Walk • Trek • Travel
A photographic record and journal of our walking, trekking and travelling adventures.
Çanakkale to Izmir
Çanakkale to Izmir

Tuesday 25 January 2022

Iwanted to go to Bergama. I really wanted to go to Bergama to see the ancient city of Pergamon. I spent an hour going back and forth between the bus companies in Çanakkale but only had limited success. Two of the companies would drop us off a the Bergama Bus Station on their way to Izmir, but none of them would pick us up from Bergama a few days later from the same bus station. They all just said it was not possible.
I even posted a question on TripAdvisor and got several replies that suggested various ways we might or should be able to get from Bergama to Izmir. But that was the problem. We wanted a little more than ‘might’ or ‘should’, and we had already encountered several examples of buses running reduced services or not running at all based on what we had been told.
Ultimately, we weren’t brave enough to take the risk, and this was partly down to seeing the news reports of Istanbul brought to a complete standstill by the heavy snow that we had just lucky enough to escape.
Instead, we headed to Izmir on the same bus that would have dropped us a Bergama Bus Station. Annoyingly, it stopped there anyway, and passengers did get on for Izmir.
We didn’t have anything special to do in Izmir. We just stayed there to break up a long bus journey.
Çanakkale to Selçuk direct was seven hours, so we thought we would get to Izmir and then take the train to Selçuk.
Arriving at Izmir Bus Station and cognisant of our lack of bravery with Bergama, we decided to take a Dolmuş, but first, we had to find them.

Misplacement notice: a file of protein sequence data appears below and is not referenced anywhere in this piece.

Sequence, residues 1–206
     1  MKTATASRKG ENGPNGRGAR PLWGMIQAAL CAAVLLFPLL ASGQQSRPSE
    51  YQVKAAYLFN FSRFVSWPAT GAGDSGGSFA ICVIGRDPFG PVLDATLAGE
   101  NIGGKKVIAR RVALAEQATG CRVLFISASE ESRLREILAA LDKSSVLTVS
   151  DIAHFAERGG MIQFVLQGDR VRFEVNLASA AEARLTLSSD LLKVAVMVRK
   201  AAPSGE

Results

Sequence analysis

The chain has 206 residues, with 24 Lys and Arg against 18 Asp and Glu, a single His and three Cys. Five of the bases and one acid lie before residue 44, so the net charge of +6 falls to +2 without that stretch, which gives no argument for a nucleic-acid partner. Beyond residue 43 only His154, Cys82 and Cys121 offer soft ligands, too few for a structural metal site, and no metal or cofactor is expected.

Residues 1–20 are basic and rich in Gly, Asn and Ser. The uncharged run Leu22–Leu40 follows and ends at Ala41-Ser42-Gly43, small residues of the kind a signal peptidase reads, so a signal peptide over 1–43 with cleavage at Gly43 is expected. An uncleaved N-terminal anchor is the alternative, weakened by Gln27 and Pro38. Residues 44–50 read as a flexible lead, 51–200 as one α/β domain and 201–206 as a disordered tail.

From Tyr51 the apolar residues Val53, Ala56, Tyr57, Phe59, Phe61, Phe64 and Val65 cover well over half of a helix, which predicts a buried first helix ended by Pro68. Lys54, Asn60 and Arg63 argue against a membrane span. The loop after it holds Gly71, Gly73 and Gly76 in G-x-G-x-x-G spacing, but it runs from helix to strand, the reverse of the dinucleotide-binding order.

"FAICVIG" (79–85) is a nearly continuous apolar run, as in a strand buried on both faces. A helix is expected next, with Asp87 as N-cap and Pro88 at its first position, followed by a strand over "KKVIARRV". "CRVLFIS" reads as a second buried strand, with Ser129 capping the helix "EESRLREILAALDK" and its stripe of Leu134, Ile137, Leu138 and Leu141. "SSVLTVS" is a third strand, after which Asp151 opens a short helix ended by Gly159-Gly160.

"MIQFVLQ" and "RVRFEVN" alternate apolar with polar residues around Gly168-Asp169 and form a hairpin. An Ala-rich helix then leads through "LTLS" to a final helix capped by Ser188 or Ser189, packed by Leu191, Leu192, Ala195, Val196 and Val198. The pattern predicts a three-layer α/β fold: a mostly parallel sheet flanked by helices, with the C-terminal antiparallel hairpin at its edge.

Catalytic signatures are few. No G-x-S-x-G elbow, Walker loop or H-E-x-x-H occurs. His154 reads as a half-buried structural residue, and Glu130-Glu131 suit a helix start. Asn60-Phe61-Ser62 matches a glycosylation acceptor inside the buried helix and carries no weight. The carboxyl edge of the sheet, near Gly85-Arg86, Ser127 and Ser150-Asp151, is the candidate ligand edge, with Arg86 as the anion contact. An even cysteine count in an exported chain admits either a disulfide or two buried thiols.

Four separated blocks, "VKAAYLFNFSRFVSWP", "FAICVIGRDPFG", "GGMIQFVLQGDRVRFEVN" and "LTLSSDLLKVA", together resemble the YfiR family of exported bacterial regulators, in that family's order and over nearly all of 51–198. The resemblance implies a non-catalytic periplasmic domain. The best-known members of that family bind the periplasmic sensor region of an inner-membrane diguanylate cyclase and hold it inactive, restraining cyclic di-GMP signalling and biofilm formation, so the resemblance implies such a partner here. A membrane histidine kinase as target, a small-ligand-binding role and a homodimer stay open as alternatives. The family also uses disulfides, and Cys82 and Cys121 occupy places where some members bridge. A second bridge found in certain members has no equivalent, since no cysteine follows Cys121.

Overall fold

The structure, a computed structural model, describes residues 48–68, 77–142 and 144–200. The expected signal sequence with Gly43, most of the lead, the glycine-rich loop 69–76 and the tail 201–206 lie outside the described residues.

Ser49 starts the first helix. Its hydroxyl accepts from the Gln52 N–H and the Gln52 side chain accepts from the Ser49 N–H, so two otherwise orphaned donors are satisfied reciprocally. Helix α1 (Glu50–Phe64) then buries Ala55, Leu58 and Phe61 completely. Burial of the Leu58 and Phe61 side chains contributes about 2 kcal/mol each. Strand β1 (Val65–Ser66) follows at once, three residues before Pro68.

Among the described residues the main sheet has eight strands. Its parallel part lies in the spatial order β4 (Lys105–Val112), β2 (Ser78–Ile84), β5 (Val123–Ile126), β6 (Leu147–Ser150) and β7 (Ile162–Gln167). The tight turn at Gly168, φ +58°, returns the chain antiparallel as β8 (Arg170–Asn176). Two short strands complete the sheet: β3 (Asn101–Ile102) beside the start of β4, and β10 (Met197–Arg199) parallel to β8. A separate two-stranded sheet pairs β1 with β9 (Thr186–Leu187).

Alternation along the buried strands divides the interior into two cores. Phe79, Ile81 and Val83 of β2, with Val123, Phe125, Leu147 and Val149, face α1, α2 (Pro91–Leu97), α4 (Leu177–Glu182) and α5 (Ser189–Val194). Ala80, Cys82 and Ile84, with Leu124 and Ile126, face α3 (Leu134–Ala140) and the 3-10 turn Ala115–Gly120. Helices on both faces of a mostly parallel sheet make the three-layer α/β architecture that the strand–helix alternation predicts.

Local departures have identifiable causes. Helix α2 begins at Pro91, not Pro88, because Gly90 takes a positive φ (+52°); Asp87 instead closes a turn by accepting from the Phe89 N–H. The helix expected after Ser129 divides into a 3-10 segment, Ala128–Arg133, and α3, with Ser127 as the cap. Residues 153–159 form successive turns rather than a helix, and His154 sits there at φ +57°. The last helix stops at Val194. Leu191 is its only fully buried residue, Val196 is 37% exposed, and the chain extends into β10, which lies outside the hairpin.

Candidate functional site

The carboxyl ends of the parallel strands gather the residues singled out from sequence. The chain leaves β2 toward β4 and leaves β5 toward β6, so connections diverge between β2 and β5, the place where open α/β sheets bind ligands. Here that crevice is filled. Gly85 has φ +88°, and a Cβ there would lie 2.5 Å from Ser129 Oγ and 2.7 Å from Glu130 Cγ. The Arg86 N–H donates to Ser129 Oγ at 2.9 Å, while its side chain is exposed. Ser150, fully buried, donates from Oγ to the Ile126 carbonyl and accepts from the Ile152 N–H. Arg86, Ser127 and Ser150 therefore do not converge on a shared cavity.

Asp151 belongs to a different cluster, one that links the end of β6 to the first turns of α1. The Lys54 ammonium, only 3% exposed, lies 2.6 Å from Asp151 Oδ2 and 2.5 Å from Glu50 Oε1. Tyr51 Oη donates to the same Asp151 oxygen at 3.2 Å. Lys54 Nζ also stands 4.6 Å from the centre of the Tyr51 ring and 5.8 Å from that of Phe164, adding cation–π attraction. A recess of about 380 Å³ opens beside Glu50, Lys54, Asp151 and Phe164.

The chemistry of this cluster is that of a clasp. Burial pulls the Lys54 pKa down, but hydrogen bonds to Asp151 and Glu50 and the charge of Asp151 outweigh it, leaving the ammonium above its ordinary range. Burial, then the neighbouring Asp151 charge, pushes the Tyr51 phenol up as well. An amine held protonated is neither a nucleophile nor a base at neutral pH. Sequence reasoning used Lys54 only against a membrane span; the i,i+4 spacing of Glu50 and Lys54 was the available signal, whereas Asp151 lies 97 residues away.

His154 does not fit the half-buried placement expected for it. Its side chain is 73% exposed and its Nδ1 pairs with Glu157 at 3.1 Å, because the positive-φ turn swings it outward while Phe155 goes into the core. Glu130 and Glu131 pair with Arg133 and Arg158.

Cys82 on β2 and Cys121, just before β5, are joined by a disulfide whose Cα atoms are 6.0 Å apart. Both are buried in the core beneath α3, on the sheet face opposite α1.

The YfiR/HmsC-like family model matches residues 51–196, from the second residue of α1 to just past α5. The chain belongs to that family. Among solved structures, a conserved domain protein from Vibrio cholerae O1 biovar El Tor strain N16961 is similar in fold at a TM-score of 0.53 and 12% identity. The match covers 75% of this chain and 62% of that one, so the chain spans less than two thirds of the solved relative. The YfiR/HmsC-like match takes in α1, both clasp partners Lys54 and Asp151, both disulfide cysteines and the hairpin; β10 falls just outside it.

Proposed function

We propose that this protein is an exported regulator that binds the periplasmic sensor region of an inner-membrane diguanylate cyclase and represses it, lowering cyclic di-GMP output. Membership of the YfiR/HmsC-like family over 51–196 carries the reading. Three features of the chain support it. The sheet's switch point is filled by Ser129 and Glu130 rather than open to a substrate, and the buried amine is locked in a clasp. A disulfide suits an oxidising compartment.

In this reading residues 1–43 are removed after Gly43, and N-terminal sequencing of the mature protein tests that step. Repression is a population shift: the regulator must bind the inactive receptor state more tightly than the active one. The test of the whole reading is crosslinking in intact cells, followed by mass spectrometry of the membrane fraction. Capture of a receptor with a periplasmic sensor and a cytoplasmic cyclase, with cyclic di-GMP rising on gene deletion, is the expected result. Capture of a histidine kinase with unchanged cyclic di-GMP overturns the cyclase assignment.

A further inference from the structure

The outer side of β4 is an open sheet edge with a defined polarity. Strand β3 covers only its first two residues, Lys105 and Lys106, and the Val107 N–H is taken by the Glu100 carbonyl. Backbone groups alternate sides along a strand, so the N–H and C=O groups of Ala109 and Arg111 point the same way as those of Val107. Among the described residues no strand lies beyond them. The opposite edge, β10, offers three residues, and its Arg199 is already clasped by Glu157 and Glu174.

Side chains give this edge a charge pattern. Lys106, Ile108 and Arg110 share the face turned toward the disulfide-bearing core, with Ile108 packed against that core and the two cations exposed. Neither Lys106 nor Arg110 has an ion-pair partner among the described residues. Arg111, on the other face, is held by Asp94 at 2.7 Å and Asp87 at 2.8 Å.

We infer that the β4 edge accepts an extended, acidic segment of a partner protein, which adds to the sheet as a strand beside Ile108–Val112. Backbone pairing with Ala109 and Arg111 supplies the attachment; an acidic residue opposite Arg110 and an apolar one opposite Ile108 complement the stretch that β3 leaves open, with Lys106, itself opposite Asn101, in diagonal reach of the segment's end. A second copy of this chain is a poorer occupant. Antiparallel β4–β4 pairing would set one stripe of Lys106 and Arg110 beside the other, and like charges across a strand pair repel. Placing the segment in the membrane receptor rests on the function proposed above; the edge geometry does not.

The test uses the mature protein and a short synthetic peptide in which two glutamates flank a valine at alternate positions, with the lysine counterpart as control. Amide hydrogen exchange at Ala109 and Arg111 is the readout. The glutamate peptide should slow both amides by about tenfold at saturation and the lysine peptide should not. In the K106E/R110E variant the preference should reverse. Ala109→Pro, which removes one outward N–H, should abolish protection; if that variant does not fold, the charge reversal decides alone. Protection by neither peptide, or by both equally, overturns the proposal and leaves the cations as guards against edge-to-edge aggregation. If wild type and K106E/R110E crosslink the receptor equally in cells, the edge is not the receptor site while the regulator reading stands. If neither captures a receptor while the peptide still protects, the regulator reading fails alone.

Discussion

Dolmuş translates as ‘when full’, which is precisely how they work. Dolmuş are small minibuses that operate fixed routes for a very low fixed fee and only set off when the bus is full or when the driver feels like it. Along the way, the driver will beep at passers-by to see if they want to use the service and pick up anyone that flags them down.
Passengers tend to pay the driver during their journey or at the end but hardly ever when they get on.
We found the area in the bus station where the Dolmuş depart, but the next problem was trying to figure out which of them would be going anywhere near the Train Station to buy the tickets for tomorrow’s train to Selçuk.
It didn’t take long before a Turkish man came over to help us, and even though he spoke no English and we speak no Turkish, he managed to point us to the right Dolmuş, thanks to Google Maps.
The driver of the Dolmuş confirmed this and made a little ‘walk’ gesture with his fingers, which we took to mean that we would need to walk the last bit.
At some point along the route, the driver shouted ‘Tren Gari’ at us, and we knew we would be walking the final kilometre or so. A young Turkish man also got off and walked with us part of the way. He wanted to make sure we knew where we were going. We did, thanks again to Google Maps, but it was kind of him regardless.
The Train Station was busy. Lots of people were queuing to buy a ticket. When it was our turn, we discovered that you could only purchase tickets on the day of travel.
Our hotel was near the train station, so we didn’t have far to go or return the following day to try again.
We spent the evening exploring a small part of Izmir and found a tiny vegan restaurant for dinner.
Another 2 plus 1 bus this time to Izmir
Inside the Dolmuş going to Izmir Train Station
Exploring Izmir
Vegan Kebabs - yummy!
Are you tired of being stuck in the office? Bored of being chained to a desk? Counting down the days until retirement?
Me too!!